Oral corticosteroids (OCS) should be avoided in the chronic treatment of COPD and asthma; however, some patients respond with frequent exacerbations after cessation of OCS. Interleukin-5 inhibitors have been approved to avoid or reduce OCS but only in asthma and not in COPD. During acute exacerbations of COPD and asthma, OCS with 0.5 mg/kg prednisolone for 5 days [29] is recommended because this therapy leads to relief of obstruction and symptoms and shortens the hospitalization [11]. Unfortunately, OCS are associated with a multitude of adverse events among which venous thromboembolism is of special interest for COPD patients because it may mimic COPD exacerbation [30] and is more difficult to diagnose than in patients without structural lung disease. It is also of interest for chronic heart failure because these patients per se have a significantly increased risk for venous thromboembolism.

Chronic cor pulmonale

Pulmonary disease may affect the heart, and the most obvious consequence of chronic lung disease on the heart is chronic cor pulmonale. This observation was made by ancient pathologists and defined as the presence of a dilated right ventricle in a patient without obvious left heart disease. However, the MESA COPD study, by means of systematic magnetic resonance imaging (MRI) and pulmonary function test (PFT), found that the right ventricular volume in stable COPD patients was smaller by about 8 ml compared with healthy matched controls [31]. There was a highly significant correlation between the degree of airway obstruction and the reduction of the right ventricular volume, and there was a highly significant correlation between the amount of emphysema and the reduction in right ventricular volume. This led to the hypothesis that the positive intrathoracic pressure in obstructive lung disease prevents blood flow into the thorax and causes underfilling of the heart.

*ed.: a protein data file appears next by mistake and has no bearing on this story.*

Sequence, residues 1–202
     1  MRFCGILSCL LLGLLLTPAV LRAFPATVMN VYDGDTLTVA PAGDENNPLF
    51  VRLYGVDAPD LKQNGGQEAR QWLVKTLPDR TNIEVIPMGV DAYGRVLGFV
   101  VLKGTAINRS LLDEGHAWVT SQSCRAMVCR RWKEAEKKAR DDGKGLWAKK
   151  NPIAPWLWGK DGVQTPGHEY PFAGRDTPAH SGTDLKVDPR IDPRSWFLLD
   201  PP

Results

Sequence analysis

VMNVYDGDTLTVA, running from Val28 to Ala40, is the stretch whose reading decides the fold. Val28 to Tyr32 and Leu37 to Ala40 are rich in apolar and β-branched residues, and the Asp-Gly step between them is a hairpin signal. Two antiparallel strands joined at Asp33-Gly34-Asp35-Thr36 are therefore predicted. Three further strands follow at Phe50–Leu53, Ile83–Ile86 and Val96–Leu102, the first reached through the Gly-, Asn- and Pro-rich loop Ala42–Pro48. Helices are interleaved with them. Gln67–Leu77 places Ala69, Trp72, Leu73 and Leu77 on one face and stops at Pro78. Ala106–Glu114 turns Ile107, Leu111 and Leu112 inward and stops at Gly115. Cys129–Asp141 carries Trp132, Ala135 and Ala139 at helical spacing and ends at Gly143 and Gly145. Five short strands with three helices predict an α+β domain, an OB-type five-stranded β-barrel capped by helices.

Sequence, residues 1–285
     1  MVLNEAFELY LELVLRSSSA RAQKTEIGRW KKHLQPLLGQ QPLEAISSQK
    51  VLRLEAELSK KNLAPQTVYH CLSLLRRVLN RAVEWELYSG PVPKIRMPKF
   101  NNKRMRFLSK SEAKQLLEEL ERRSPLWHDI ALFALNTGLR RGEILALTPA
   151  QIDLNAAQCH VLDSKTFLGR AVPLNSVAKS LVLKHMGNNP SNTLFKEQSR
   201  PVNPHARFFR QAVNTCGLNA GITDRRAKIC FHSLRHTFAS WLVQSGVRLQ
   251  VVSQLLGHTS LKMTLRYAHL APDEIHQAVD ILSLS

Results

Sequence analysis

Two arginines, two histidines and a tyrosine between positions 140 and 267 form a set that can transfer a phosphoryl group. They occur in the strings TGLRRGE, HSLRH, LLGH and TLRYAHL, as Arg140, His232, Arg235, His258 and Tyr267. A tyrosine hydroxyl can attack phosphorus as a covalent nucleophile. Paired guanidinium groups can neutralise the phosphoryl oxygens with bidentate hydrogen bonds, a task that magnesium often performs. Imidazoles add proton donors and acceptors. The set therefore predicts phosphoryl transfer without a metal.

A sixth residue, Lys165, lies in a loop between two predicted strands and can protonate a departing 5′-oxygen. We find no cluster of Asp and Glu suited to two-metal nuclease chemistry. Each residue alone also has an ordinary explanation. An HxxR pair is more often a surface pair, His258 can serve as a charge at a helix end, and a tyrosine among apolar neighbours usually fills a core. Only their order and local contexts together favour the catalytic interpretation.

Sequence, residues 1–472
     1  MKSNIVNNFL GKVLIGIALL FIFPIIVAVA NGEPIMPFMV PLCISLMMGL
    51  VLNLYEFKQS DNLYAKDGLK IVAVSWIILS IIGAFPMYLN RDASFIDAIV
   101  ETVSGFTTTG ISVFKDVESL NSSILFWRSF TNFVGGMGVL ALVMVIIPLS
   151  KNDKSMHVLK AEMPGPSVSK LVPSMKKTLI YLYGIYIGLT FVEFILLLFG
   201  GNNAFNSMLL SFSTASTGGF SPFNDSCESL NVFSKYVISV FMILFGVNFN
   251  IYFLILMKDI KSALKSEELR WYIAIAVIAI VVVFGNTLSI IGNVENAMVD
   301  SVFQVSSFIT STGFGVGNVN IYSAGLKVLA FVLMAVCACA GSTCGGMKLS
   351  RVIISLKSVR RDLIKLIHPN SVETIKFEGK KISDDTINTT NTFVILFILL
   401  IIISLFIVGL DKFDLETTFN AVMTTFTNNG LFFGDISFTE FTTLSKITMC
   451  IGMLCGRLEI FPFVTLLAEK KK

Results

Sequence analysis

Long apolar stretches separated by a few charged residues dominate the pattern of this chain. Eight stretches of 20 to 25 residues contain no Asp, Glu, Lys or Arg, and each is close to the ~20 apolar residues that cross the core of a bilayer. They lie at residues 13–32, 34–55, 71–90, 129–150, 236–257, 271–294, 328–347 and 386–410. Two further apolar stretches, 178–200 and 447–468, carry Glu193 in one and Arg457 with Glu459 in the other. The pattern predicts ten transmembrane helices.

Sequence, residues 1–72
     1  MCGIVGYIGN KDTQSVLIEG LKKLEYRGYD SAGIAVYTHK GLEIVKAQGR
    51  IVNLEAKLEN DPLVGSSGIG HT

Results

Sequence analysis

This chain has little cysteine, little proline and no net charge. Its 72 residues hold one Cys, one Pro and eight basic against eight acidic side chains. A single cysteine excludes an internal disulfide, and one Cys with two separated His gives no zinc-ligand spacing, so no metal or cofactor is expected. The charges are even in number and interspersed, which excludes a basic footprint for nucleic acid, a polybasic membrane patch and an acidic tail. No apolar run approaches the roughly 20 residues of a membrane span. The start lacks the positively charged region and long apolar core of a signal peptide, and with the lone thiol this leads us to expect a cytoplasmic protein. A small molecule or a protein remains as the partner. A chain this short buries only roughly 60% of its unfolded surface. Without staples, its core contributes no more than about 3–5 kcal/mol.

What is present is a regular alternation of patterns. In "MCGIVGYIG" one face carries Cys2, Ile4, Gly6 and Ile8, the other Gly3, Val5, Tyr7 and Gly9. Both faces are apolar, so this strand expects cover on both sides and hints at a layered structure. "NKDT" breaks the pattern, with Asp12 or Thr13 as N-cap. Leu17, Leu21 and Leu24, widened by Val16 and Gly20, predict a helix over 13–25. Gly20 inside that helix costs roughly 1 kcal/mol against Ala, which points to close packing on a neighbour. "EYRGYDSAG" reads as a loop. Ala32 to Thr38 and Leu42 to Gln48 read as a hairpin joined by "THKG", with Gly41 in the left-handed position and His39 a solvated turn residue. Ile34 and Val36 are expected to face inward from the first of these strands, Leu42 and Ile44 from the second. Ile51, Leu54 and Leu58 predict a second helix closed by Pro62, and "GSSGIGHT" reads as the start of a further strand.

A recent interventional study demonstrated that this hypothesis was true and that the mechanism was reversible. By means of a potent antiobstructive therapy, using an inhaled LABA/LAMA combination for 2 weeks in patients with severe COPD with no cardiac disease, the right ventricular volume increased by about 7 ml, along with a significant increase in stroke volume and cardiac output [32]. These changes were due to a significant reduction in the pulmonary residual volume and altogether resulted in a highly significant beneficial effect on dyspnea and quality of life. This suggests that air trapping, due to obstructive lung disease causes intrathoracic pressure increase, resulting in cardiac underfilling and hemodynamic stress and that these pathologic findings can be reversed by potent bronchodilatory therapy. However, such effects may be much less impressive if the patients suffer from some degree of left heart disease [33].


In conclusion, the combination of chronic heart and lung diseases is very common in the elderly population. Patients should be treated for both diseases. Beta-blockers are very important drugs because their use is associated with significantly improved morbidity and mortality, and their combination with inhaled long-acting sympathomimetics makes sense from a pharmacological and a clinical point of view. There are numerous potential effects of heart medications on the diseased lung and of lung medications on the diseased heart. However, in most instances, such medication is justified, just as in cases where the other disease is not present.



Open access funding provided by Medical University of Graz.

Compliance with ethical guidelines

Conflict of interest

H. Olschewski, M. Canepa, and G. Kovacs declare that they have no competing interests.

For this article no studies with human participants or animals were performed by any of the authors. All studies performed were in accordance with the ethical standards indicated in each case.


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Authors and Affiliations

  1. 1.Division of Pulmonology, Department of Internal MedicineMedical University of GrazGrazAustria
  2. 2.Cardiovascular Unit, Department of Internal MedicineUniversity of GenovaGenovaItaly